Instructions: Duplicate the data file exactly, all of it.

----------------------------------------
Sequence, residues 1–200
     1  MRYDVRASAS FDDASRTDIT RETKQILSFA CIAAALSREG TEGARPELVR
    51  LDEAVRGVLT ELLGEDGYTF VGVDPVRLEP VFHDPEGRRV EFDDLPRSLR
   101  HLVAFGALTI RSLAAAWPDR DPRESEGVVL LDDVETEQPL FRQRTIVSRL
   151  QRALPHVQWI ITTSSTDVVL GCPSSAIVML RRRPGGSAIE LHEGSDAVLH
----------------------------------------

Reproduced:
Sequence, residues 1–200
     1  MRYDVRASAS FDDASRTDIT RETKQILSFA CIAAALSREG TEGARPELVR
    51  LDEAVRGVLT ELLGEDGYTF VGVDPVRLEP VFHDPEGRRV EFDDLPRSLR
   101  HLVAFGALTI RSLAAAWPDR DPRESEGVVL LDDVETEQPL FRQRTIVSRL
   151  QRALPHVQWI ITTSSTDVVL GCPSSAIVML RRRPGGSAIE LHEGSDAVLH